Postmenopausal hormone replacement therapy. Recent use (within the past five years) and long-term use (several years or more) of postmenopausal (after menopause) hormone therapy with both estrogen and progesterone increases a woman’s risk of breast cancer. In fact, the number of new breast cancers diagnosed has been dropping as fewer women have been taking postmenopausal hormone therapy. However, women who have taken estrogen alone (those who have had their uterus removed for other reasons) for up to five years appear to have a slightly lower risk of breast cancer.

Oral contraceptives (birth control pills). Some studies suggest that oral contraceptives slightly increase the risk of breast cancer, while others have shown no link between the use of oral contraceptives to prevent pregnancy and development of breast cancer. Research on this topic is ongoing.

Race and ethnicity. Breast cancer is the most common cancer diagnosis in women, other than skin cancer, regardless of race. White women are more likely to develop breast cancer overall, although the disease is diagnosed more often in young black women than in young white women. Although white women are more likely to develop breast cancer, black women are more likely to die from the disease. Reasons for survival differences are unclear and probably involve both biologic and socioeconomic factors. Women of Ashkenazi Jewish heritage also have an increased risk of breast cancer because they are also more likely to have BRCA gene mutations. Breast cancer is least commonly diagnosed in Hispanic, Asian/Pacific Islander, and American Indian/Alaska Native women. Both black and Hispanic women are more likely to be diagnosed with larger tumors and later-stage cancer than white women. Breast cancer diagnoses have been increasing in second generation Asian/Pacific islander and Hispanic women for unclear reasons, but likely related to changes in diet and lifestyle.

Atypical hyperplasia of the breast. This diagnosis increases the risk of developing breast cancer in the future and is characterized by abnormal, but not cancerous, cells found in a biopsy of the breast.

LCIS. As explained in the Overview section, this diagnosis refers to abnormal cells found in the lobules or glands of the breast. LCIS in one breast increases the risk of developing invasive breast cancer (cancer that spreads into surrounding tissues) in either breast in the future. If LCIS is found during a biopsy (see Diagnosis), it may be removed to check for other changes, and additional treatment may be recommended. Talk with your doctor about the best way to monitor this condition.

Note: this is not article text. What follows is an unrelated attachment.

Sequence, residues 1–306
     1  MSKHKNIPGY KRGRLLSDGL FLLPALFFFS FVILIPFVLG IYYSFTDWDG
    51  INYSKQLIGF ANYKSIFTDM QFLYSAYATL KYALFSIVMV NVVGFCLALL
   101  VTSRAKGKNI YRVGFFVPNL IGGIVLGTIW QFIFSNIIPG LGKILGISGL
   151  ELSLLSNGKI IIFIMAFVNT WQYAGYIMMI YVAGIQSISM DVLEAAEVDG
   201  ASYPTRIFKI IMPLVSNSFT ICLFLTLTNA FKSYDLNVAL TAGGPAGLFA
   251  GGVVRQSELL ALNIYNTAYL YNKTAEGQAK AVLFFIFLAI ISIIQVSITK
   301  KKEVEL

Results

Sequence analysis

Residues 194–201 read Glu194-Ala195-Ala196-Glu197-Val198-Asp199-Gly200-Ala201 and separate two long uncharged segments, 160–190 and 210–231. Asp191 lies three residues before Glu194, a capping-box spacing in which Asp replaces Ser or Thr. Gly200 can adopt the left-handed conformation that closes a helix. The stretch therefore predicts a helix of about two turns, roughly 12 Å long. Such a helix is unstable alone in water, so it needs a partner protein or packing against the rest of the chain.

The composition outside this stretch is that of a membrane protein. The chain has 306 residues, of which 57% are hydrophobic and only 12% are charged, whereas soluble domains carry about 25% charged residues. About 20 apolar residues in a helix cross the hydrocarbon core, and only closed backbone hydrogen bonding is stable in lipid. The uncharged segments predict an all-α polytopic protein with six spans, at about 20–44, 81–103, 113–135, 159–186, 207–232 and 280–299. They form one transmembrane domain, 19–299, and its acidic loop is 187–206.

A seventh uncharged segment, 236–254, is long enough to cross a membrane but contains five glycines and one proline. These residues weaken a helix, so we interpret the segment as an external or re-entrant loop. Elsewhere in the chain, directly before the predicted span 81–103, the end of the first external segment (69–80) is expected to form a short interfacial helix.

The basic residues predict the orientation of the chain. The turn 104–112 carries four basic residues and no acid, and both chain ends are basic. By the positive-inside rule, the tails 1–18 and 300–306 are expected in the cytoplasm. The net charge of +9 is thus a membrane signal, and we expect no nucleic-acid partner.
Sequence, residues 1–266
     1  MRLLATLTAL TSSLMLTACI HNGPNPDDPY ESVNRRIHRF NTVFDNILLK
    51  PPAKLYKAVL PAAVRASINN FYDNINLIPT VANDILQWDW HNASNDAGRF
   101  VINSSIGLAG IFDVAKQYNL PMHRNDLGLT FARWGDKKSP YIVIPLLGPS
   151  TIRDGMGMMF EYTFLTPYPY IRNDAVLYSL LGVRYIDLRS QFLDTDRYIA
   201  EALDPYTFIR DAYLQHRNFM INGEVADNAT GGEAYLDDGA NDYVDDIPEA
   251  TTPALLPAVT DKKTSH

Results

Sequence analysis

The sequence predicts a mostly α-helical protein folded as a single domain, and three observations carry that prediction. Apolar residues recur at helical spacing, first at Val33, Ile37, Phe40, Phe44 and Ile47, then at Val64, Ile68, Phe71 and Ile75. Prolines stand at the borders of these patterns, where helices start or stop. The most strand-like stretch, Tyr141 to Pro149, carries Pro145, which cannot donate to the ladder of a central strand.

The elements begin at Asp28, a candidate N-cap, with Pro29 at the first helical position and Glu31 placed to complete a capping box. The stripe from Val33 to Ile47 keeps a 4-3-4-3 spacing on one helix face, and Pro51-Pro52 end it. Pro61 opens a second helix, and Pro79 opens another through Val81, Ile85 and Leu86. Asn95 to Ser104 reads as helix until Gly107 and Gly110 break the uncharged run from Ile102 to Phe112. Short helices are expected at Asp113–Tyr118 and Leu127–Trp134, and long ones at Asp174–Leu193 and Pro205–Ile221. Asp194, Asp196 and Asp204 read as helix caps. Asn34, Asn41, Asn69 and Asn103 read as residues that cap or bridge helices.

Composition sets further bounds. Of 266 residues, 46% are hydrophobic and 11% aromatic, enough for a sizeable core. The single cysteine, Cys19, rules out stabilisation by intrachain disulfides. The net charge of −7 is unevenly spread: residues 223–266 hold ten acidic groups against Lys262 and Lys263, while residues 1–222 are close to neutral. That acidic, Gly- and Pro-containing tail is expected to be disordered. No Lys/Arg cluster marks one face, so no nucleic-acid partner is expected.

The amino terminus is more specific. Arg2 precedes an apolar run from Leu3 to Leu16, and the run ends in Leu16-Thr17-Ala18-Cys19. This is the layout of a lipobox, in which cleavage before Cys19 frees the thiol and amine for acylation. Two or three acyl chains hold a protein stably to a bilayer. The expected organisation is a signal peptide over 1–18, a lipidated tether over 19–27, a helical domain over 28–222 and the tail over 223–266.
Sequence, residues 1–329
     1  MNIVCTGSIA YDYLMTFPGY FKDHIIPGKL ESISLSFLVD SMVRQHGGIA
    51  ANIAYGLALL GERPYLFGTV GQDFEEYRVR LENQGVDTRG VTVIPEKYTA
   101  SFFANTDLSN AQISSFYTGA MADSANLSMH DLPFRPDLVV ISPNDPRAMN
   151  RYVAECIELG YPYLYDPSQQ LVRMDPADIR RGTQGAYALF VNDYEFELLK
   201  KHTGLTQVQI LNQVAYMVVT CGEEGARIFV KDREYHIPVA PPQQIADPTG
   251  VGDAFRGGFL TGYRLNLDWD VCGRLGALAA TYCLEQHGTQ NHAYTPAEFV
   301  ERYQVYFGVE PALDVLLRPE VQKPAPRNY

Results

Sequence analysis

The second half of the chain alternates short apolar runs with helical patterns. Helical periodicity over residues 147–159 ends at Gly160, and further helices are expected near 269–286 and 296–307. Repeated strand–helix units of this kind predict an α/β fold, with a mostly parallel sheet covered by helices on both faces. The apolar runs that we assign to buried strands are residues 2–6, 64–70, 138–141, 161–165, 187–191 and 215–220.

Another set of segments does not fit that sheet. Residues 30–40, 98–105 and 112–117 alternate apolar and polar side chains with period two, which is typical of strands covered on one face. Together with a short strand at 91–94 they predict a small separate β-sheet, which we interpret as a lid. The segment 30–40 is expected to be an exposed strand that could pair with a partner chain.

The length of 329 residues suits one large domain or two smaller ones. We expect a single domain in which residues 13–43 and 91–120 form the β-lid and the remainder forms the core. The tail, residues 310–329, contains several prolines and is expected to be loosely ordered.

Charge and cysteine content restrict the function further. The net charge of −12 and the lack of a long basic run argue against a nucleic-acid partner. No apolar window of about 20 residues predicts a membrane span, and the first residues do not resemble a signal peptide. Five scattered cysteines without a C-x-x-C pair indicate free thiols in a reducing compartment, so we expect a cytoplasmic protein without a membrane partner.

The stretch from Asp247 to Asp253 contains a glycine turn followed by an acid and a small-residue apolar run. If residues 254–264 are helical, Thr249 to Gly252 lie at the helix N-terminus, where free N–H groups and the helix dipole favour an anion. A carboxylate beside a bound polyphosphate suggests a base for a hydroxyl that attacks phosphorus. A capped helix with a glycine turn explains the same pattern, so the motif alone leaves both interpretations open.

Lifestyle factors. As with other types of cancer, studies continue to show that various lifestyle factors may contribute to the development of breast cancer.

  • Weight. Recent studies have shown that postmenopausal women who are overweight or obese have an increased risk of breast cancer, and they have a higher risk of having the cancer come back after treatment.
  • Physical activity. Increased physical activity is associated with a decreased risk of developing breast cancer and a lower risk of having the cancer come back after treatment. Regular physical activity may protect against breast cancer by helping women maintain a healthy body weight, lowering hormone levels, or causing changes in a women’s metabolism or immune factors.
  • Alcohol. Current research suggests that having more than one to two alcoholic drinks (including beer, wine, and spirits) per day raises the risk of breast cancer, as well as the risk of having the cancer come back after treatment.
  • Food. There is no reliable research that confirms that eating or avoiding specific foods reduces the risk of developing breast cancer or having the cancer come back after treatment. However, eating more fruits and vegetables and fewer animal fats is linked with many health benefits.

Radiation. High doses of ionizing radiation (such as from tanning booths and x-rays) may increase a woman’s risk of breast cancer. Radiation to the chest given at a young age, such as that given for treatment for a childhood cancer, also increases the risk of breast cancer. However, the very small amount of radiation a woman receives during a yearly mammogram has not been linked to an increased risk of breast cancer.

Breast density. Dense breast tissue may make it more difficult to find tumors on standard imaging tests, such as a mammography (see Diagnosis). Breast density may be from higher levels of estrogen, rather than a separate risk factor, and usually decreases with age. Researchers are looking at whether lowering breast density might also decrease the risk of breast cancer.

© 2005-2014 American Society of Clinical Oncology (ASCO). All rights reserved worldwide.

Connect With Us: